The Home School Court Report
VOLUME III, NUMBER III
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Sept - Nov.doc
Cover
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Cover Stories

Crucial Parental Rights Victory in Pennsylvania

Negative socialization

Contact countdown

Life After the Schmidt Case

Michigan in Limbo

Is the Sacred Cow of Certification About to Tumble in North Dakota?

Supreme Court Victory in Iowa

States in Brief . . .

Conflict in California

New regulations in Colorado and Maryland

Virginia Members Seek Exemptions

Approval Process Challenged in Massachusetts

Action in Alabama

Texas Tactics

Effect of Attorney General’s Opinion in Nebraska
C O V E R   S T O R Y

Conflict in California

The new school year has begun with a flurry of activity in California. The biggest news for HSLDA is the continuing growth of membership in the state. California membership has increased from 1300 in June 1987 to 1600 in September. California is our largest state for membership. From this statistic, it is clear that California has the largest number of homeschoolers of any state and the numbers continue to grow on a daily basis.

As reported in the last issue, charges were filed against the Clevenger family of Lancaster. HSLDA attorney Michael Smith filed a demurrer arguing that the complaint was vague because the compulsory education statute (which included the various exemptions from compulsory public education) did not clearly define what would constitute activity which would be illegal. In other words, when the Clevengers contemplated how they would satisfy the California legal requirements to homeschool, the private school option seemed perfectly legitimate to them and there was no fair warning to advise them otherwise. Therefore, they relied on this understanding, filed a private school affidavit, complied with all the other requirements of the exemption, and now find themselves the object of a criminal prosecution.

The brief in opposition to our motion urges that it is clear that the family cannot be a private school because, among other things, they did not file a business license. There is no requirement that a private school obtain a business license. It is interesting to note, this brief was written by the county counsel instead of by the district attorney who is actually prosecuting the case. “In my 16 years of practicing law in California,” remarks attorney Smith, “I have never seen this before.” Smith believes that the school district was able to get the district attorney to file the complaint with the understanding that the county counsel’s office would do the legal research. Prior to the Student Attendance Review Board hearing for the Clevengers, the school district obtained a letter opinion from the L.A. County Counsel’s office indicating that a family could not establish a school in the home.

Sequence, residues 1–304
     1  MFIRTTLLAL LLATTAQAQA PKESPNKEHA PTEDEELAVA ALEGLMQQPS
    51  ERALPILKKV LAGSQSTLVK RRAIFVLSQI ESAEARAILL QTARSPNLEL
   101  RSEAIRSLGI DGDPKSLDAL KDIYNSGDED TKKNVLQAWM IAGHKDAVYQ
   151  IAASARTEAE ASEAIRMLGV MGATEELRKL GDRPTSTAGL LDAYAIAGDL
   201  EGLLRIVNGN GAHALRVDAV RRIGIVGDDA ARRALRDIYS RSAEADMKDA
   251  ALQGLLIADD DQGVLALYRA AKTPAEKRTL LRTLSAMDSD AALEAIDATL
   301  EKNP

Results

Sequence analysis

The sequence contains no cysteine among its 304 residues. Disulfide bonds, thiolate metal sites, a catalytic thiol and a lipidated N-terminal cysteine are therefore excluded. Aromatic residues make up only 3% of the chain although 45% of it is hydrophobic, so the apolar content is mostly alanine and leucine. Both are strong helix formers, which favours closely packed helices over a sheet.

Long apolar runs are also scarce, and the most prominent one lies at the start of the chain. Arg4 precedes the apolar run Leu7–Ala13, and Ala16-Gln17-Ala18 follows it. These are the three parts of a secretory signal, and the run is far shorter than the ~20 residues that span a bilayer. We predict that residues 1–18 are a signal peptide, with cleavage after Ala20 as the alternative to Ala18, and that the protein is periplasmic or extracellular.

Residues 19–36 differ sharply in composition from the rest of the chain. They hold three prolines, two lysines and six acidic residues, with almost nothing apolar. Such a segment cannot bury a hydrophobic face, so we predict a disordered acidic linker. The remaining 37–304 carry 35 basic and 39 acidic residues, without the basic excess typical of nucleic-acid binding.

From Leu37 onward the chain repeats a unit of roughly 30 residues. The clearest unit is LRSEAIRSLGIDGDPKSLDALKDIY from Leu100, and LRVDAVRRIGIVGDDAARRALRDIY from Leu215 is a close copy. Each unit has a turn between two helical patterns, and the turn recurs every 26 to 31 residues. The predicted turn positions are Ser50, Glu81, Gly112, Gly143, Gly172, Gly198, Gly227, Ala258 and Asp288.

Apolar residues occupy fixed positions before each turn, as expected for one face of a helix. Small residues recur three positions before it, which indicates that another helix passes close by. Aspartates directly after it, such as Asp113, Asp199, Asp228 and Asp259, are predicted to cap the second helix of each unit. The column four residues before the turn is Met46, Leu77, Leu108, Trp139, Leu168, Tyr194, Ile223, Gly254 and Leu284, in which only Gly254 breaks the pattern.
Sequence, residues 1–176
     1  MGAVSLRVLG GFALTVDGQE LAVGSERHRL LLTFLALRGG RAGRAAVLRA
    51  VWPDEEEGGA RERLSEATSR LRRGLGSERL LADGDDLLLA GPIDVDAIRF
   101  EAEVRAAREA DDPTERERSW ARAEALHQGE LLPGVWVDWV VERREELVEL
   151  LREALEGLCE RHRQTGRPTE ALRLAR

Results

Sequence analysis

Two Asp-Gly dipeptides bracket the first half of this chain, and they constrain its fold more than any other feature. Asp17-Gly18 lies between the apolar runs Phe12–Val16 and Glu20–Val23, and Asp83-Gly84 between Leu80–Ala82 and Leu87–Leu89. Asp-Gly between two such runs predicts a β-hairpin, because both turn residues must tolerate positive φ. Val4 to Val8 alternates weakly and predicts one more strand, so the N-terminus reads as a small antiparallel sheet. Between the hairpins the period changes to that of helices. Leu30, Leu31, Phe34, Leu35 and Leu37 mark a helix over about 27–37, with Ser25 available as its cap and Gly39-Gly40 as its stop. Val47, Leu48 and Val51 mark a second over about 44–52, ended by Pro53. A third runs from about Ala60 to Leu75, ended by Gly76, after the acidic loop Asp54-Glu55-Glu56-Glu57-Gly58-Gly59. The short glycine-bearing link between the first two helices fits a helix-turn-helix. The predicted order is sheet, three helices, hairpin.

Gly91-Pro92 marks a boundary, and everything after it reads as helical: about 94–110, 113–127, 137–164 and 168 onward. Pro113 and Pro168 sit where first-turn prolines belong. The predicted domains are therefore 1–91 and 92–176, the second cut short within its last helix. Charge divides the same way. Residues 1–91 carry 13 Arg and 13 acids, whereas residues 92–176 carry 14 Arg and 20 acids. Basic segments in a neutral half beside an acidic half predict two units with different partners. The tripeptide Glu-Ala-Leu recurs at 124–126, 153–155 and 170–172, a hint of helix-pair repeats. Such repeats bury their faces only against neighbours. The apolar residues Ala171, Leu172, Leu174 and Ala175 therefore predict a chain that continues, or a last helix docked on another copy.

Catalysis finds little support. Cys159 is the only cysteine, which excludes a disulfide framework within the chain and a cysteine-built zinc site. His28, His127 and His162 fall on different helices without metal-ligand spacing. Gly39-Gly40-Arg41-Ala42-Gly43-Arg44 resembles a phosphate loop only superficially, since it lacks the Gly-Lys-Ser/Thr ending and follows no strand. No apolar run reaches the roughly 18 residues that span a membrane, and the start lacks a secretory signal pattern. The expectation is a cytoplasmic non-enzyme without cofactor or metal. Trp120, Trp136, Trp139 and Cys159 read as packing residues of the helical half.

The hearing date for the demurrer was October 9, and attorney Jerry Crow of Ventura represented the family. The Honorable Margaret Grignon, however, denied the motion and HSLDA has entered a plea of not guilty. The trial date has been set for December 2 and Michael Smith will be arguing the case.

This is the only case presently pending in the state involving our members; however, from the quotes that have been reported to us from various newspaper articles surrounding the instant case, the school officials are looking for a fight. Del Royer, an attendance and administration consultant for the L.A. County Board of Education, said, “We are looking for a test case, it doesn't matter which way it goes, just so it gives us some direction.” Royer believes that the potential for educational shortcomings in homeschools is great. He also has publicly stated that compulsory education laws were passed to establish rights for a child and to get us out of the Dark Ages.

Isn’t it interesting that before compulsory education statutes, literacy was at its highest? Could it be that the advent of compulsory education laws has been the leading cause of parents’ lack of involvement with the education of their children and the increasing cause of the general moral breakdown of our country because of the public schools’ inability to assist the parent in the inculcation of morality?

Officials from public schools need to recognize the inherent benefits of home teaching compared with institutional education in order to end the conflict between homeschools and public schools. It is emotional statements like Mr. Royers’ which cloud the real issue: are homeschools providing an adequate education for children? The statistics say yes. This failure to honestly deal with the statistical success of homeschooling fosters ignorance in others, such as legislators, who are not familiar with homeschooling.

Homeschoolers who have filed a private school affidavit in the Los Angeles City School System may be visited by a representative from the district. The purpose of the visit will be to verify the information in the affidavit, and to insure that the homeschool family is in compliance with the Private School Statute. As a reminder, homeschoolers need to maintain an attendance journal, and be prepared to show that their children are being instructed in the various subjects of study taught in the public school.

Lastly, parents should keep organized records of their homeschool instruction as this is crucial in a meeting such as described above.